The Fitness Test

2 Jan


(Stock photo: just an example)

[Edited to add: in case it is not clear, new chapters will go up every Friday for the next 30 weeks]

This has been a somewhat stressful but nevertheless very interesting past few weeks. I cannot say anything at this moment about the original book I mentioned, other than to say I still have an agent and the book is out with publishers for consideration. When the entire story has reached its conclusion, I will happily tell you the whole tale. For now, I am moving ahead with a new idea that involves a second book I am in the midst of writing.


The following idea was inspired by two things: AOL and Andy Weir’s The Martian. Let’s start with AOL. There is a meaningful reason I  am telling you this, so please bear with me.



Way back when the internet was just a baby and AOL dominated the whole damn show, a little start-up called was making some important, and frightening inroads in the world of publishing. In order to really monetize the value of their website, Amazon had to learn how to make valid recommendations to their existing customers – recommendations that branched out from books into the vast world of consumer products. AOL was trying to make the same leap, but had some problems running their back room, so they looked around for someone with experience setting up online shopping and decided to hire Amazon to streamline their purchasing and ordering. Amazon agreed, of course, and started merrily collecting vast reams of data about what items customers tended to buy right after they bought a book. Customer buys a book about Asian cooking, orders an electric wok, a rice cooker and a package of Asian spices.


Amazon tracked all these customer orders that involved books and created a massive data set that led directly to the creation of their recommendation algorithms, which accounts for about 1/3 of Amazon’s total sales. Amazon went on to utterly destroy AOL, using AOL’s own data, and AOL PAID AMAZON TO DO THAT.


What’s the point? AOL did not understand what business it was in. AOL thought it was an internet portal, when in fact, it was a data synthesizer, and it made a mission critical mistake and not only gave that data away for free, but paid a competitor to access it.


Publishing today does not understand what business it is in. Publishers seem to think they are in the business of selling books, which, when you think about it, means they sell really thin slices of trees to customers who enjoy hallucinating vividly.


That is not what business they are in. Publishers are in the business of selling two things: information (non-fiction) and entertainment (fiction). If the information can be entertaining at the same time, all the better. Think of books like Freakonomics, anything by Mary Roach or A.J. Jacobs or Malcolm Gladwell. Infotainment at its finest.


Their primary competitors are almost all visual. What competes for customer’s entertainment hours? Television, video games, movies, graphic novels, manga, music videos and YouTube.  If you want to reach the customers who prefer visual formats, you need to format your product in a way that is familiar and pleasing to these customers.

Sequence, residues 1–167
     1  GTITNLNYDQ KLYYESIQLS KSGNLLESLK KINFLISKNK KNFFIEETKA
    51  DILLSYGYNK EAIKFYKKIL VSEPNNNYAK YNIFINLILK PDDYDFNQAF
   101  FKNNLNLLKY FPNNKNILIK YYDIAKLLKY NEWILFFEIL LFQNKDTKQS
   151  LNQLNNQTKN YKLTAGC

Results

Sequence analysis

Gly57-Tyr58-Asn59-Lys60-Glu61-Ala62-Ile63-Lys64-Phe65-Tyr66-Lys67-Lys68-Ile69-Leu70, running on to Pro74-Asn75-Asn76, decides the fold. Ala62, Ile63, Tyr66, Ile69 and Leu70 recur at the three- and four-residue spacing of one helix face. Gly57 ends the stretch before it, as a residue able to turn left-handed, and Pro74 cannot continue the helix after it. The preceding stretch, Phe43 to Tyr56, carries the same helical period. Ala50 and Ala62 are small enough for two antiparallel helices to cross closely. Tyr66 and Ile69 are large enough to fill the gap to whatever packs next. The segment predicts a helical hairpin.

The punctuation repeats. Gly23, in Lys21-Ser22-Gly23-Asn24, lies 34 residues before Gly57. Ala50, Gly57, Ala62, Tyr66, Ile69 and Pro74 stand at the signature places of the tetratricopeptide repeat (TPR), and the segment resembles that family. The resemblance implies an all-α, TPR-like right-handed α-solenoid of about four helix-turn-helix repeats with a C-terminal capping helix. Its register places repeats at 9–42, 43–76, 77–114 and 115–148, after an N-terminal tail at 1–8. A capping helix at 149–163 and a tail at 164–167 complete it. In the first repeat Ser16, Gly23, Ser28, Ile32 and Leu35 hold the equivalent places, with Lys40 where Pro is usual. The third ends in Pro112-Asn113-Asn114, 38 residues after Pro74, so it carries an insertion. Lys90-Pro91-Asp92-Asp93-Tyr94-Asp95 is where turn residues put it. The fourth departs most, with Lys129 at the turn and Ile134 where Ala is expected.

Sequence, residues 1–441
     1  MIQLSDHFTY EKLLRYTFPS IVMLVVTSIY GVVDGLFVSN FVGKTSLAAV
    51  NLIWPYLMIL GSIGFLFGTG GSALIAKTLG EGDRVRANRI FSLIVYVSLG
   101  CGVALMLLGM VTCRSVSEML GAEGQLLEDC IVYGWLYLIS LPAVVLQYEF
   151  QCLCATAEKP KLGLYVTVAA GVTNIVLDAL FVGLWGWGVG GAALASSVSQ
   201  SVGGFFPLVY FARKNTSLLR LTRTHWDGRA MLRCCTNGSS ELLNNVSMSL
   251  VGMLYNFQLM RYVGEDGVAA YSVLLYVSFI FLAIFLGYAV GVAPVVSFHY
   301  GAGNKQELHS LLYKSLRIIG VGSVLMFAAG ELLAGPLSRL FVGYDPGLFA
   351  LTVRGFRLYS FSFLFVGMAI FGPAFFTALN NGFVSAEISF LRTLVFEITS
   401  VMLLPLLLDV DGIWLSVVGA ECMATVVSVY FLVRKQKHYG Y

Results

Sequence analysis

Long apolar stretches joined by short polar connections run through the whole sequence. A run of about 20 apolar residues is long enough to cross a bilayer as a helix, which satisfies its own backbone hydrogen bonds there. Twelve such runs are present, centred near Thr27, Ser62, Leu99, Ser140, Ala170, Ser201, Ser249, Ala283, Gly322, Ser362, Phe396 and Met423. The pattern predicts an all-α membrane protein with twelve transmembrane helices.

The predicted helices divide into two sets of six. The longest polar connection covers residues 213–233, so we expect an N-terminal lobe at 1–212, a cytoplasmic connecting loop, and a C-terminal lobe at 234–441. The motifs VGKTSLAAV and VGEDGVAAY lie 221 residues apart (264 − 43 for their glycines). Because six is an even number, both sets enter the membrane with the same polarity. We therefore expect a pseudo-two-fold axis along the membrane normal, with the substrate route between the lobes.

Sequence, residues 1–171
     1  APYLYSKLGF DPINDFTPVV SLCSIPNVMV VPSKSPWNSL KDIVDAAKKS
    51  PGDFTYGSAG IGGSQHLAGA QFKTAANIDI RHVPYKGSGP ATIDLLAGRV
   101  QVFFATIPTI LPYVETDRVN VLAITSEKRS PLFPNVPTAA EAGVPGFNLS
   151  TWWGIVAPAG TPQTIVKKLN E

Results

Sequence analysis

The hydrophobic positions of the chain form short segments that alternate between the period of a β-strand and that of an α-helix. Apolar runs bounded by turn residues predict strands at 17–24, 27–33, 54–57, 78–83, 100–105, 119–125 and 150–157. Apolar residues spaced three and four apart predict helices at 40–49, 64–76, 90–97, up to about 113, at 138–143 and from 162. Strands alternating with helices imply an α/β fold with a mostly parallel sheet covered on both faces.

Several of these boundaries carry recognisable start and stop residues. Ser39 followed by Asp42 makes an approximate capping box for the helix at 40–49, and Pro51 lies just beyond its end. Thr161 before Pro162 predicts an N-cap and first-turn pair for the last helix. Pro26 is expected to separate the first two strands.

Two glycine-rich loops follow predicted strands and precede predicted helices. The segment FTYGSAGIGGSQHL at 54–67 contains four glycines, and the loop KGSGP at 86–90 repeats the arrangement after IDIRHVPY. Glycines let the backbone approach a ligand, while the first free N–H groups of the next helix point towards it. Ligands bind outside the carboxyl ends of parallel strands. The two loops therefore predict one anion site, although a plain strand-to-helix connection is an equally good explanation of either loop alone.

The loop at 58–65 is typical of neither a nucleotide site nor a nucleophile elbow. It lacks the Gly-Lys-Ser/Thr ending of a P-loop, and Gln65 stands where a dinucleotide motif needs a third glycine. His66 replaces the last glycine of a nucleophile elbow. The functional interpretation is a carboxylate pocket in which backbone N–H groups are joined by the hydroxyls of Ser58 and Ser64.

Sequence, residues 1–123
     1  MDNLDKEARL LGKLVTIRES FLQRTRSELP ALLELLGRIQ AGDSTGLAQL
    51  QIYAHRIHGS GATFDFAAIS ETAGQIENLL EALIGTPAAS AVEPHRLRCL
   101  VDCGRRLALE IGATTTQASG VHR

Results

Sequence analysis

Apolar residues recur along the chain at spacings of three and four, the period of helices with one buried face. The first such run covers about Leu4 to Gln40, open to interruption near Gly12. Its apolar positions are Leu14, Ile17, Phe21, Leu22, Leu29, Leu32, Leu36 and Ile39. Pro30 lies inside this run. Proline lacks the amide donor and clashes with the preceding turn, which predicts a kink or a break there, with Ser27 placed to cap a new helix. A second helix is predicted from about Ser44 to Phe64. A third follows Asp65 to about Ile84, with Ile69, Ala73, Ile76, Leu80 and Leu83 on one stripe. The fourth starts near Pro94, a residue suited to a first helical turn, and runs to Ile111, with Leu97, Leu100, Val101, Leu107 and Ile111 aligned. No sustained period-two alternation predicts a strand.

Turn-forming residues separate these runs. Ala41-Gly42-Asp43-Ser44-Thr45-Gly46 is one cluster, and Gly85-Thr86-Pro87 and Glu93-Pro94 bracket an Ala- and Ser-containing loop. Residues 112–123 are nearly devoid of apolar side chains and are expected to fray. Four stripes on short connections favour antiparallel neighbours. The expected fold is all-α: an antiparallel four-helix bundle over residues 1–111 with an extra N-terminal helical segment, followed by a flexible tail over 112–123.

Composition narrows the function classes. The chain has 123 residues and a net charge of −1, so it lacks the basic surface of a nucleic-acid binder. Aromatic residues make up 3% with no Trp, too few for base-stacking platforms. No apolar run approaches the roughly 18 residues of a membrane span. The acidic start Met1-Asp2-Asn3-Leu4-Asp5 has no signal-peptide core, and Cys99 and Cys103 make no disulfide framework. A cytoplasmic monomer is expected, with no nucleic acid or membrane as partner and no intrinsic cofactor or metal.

Publishers today appear to be in a frantic race to improve the buggy. They are torn between blockbusters and genre fiction that sells well for the category but breaks no banks. They are missing the fucking point by a long shot. If they cannot find a way to put a motor in the buggy, they will go the same way as the buggy.


And they are.


The writing is on the wall, writ large for all to see.


What is the ratio in  a movie theater audience between people who have read the book, and people who thought the movie sounded pretty good?  40:1? That would be my guess. After opening night when the diehard fans have all weighed in on which was better, the movie or the book, you are left with an audience of non-book reading movie goers who outnumber the readers 40:1.


If it’s not 40:1, it’s still pretty damn big.


Why do people prefer movies?


  • Time: It takes two hours – reading books takes a lot longer
  • Interactivity: It’s a social experience – reading books is solitary
  • Presentation: The grammar is visual and welcoming, not formal and alienating
  • Narration: Movies are almost always told with multiple narrators, from multiple perspectives and time is malleable through the use of dissolves, cuts, flashbacks – we can move around a visual world with ease.


Rather than appeal to this group who prefer visual packaging, publishers simply ignore them and write endless editorials about how average people today are illiterate, ignorant imbeciles who reject the intellectual difficulty reading poses. Instead, they all chase the same slice of the market, which is shrinking by the day. College educated customers who do not feel alienated by formal grammatical rules and structures.  It may comfort line editors to see all the verb tenses agree, but it comforts CUSTOMERS to see their own ways of speaking and being reflected on the page, and not just in the fucking dialogue.